The early days of mediaeval Europe witnessed the introduction of liturgical drama and miracle plays, founded on events chronicled in the New and Old Testaments. In England, as in France, the church became the cradle of the drama. Then followed mimed mystery plays that later developed into secular pantomime. Following the examples set by the early Romans, these religious pantomimes degenerated into licentious spectacles, and historical comedies and classic drama were introduced to offset them.
Following the days of the ancient theatre and up to the beginning of the seventeenth century all plays had been enacted by the elite of society in public halls or colleges. In that period real housed-in theatres as we now know them made their appearance in France. The most noted one of these was the Hotel de Bourgogne, a vast, low-ceilinged edifice that accommodated about two thousand persons. The stage of this, theatre was of extraordinary depth, and it was divided in the middle by draperies when the scenes did not require its full depth. Rows of candles, that required constant snuffing, were placed along the front of the stage to aid in its illumination. Above the stage itself was suspended a chandelier with four branches, each containing a long yellow candle. There were in the auditorium two superposed rows of boxes, each box fitted with wooden benches to hold some dozen spectators plunged in semi-obscurity. The pit, in which the audience stood or moved about at will, was no better lighted than the boxes.
About the time that the Hotel de Bourgogne and other real theatres were created in France there appeared as an actor and playwright on the English stage that marvel of genius William Shakespeare, who later became the manager of the famous Globe theatre in London. The Globe theatre was merely a summer theatre, open for three or four months in the year. Judging from the vivid descriptions of the theatres of that period the manners of theatregoers were extremely unconventional. Although an active interest in the drama pervaded all classes, respectable young girls were not allowed to attend the theatre in those days, the audience in the better parts of the house being mainly composed of the gay set. The women in the boxes wore velvet masks to hide their faces and smoked pipes during the performance. The few seats in the theatre were stools, and people of quality brought their own stools. There stood in the Globe theatre of which Shakespeare was manager an immense stoup of English ale, from which every man could quench his thirst at will.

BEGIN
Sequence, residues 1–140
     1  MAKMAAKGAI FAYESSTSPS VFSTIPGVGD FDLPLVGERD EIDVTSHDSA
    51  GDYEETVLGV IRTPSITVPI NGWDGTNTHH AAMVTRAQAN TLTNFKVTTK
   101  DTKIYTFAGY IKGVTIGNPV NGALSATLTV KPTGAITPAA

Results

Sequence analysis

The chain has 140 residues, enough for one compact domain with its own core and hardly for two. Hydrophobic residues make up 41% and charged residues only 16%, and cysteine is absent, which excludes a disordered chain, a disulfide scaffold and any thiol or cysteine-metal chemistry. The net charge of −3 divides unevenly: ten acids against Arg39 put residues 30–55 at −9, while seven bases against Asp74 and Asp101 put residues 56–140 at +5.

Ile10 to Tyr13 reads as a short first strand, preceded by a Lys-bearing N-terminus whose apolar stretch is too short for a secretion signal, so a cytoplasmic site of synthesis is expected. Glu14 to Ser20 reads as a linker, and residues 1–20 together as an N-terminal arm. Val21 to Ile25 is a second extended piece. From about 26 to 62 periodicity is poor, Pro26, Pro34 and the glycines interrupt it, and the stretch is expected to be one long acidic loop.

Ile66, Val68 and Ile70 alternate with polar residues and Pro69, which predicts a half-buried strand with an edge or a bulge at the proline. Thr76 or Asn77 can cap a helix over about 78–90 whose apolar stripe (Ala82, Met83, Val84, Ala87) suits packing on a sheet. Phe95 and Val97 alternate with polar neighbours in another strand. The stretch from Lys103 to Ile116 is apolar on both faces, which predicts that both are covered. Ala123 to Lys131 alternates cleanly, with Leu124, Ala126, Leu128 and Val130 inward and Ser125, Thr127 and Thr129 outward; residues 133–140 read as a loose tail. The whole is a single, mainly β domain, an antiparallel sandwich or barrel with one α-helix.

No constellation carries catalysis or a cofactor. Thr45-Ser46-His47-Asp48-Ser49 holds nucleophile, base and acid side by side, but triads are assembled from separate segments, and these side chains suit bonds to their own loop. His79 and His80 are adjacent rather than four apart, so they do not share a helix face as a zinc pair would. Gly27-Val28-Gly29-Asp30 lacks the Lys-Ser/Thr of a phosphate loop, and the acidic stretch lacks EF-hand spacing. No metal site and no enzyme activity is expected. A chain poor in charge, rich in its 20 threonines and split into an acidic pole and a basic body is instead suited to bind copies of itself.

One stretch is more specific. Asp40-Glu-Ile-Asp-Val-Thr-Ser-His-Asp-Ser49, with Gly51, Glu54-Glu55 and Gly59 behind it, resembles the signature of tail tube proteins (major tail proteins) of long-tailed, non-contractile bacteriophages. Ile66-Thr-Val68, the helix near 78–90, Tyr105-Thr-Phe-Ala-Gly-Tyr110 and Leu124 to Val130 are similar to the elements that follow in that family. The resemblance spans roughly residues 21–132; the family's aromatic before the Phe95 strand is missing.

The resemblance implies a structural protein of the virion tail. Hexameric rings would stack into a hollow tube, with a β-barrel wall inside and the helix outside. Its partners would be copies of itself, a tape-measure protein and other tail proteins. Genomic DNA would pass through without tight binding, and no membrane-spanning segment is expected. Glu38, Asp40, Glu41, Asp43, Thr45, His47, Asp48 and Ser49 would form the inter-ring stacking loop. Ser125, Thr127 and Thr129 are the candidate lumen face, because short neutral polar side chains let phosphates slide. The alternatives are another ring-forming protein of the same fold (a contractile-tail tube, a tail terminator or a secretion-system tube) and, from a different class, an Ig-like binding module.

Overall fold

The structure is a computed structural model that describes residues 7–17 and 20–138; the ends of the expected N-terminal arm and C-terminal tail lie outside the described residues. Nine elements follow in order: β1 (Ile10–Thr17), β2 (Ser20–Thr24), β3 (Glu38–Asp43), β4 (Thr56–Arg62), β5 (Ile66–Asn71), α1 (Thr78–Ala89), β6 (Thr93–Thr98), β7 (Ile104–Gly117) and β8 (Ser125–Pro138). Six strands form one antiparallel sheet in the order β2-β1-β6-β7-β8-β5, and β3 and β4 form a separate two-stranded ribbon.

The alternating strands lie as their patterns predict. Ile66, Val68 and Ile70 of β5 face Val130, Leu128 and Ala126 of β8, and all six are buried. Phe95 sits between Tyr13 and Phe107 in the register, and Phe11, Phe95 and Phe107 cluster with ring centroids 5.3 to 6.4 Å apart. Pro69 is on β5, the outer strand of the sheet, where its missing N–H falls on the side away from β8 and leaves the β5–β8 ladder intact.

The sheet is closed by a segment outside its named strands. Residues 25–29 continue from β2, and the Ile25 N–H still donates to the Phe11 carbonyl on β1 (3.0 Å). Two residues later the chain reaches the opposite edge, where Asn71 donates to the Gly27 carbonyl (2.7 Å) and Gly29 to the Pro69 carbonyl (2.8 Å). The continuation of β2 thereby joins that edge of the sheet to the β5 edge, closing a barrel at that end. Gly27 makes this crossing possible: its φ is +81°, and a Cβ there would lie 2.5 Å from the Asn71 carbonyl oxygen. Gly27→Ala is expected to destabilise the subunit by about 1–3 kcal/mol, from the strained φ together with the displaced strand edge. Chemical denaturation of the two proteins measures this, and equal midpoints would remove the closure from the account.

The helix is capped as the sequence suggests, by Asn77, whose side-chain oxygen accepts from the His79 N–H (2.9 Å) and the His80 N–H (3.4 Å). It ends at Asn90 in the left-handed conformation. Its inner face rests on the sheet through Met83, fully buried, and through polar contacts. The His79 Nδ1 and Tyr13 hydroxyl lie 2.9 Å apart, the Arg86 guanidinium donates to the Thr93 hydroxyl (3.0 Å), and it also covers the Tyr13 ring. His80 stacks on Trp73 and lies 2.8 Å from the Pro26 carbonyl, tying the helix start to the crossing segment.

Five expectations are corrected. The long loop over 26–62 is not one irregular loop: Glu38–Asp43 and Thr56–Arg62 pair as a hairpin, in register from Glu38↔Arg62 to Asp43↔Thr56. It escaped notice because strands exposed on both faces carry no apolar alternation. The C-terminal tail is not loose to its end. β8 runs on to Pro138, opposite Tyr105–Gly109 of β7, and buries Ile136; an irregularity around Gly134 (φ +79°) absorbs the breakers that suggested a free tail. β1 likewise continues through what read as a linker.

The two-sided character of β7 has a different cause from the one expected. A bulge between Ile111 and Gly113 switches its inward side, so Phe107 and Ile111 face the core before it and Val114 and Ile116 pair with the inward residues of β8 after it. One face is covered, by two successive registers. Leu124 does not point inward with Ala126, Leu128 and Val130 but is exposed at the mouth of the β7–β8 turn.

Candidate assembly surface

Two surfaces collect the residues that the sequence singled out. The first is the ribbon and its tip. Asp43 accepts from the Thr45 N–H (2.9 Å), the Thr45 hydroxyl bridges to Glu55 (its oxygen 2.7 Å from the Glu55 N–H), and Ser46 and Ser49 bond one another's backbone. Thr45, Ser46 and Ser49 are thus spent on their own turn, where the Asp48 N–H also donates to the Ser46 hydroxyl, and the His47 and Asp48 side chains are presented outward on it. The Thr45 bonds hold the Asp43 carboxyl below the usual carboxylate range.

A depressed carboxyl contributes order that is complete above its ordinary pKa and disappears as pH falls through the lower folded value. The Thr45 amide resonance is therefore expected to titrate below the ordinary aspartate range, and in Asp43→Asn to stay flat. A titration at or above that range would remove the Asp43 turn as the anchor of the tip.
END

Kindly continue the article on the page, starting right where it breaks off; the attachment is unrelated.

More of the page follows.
The establishment of permanent theatres in England dates from the latter part of the sixteenth century. This period marked the beginning of the Elizabethan drama. Female characters of the matronly type of Lady Macbeth were impersonated by men, and for the more delicate, maidenly parts, such as Juliet and Imogen, recourse was had to the services of young men, who were remunerated in proportion to their beauty and distinction. The first of these permanent theatres were erected in the fields outside of London, but under the jurisdiction of the Lord Mayor and City Council. Among these were "The Theatre," "The Curtain" and "The Blackfriars Theatre." They were inclosed within side walls, with the center space open to the air, while against the side and rear walls were arranged tiers of benches as in the ancient theatres. The stage was raised about four feet from the floor, and was separated from the pit by a balustrade. A big open room above the stage was used by the actors to dress in, and a square roof protected this and the stage from the rain. Another narrow, circular roof covered the tiers of seats against the walls. A writer of that period says, in describing these theatres, that "seen from a distance they looked like enormous towers, outtopping the trees and houses that surrounded them."
During the seventeenth century the theatre experienced troublesome times in France through political intrigue. The celebrated Comedie Fran-caise and the equally famed Palais Royal were several times established and suppressed as national theatres during that period. In the. year 1660 there were but three great public theatres in all Paris: the Hotel de Bourgogne, the Theatre du Marias and the Palais Royal, although theatres were held in high popular favor. In England, too, the same experience befell the theatre because of civil wars. During this period actresses for the first time were accepted with favor upon the English stage. Painted scenery was introduced and oil lamps were substituted for candles. Up to that time scenery and "properties" had not been employed on the stage, such accessories being described in the lines of the play, and uttered by the stage declaimer.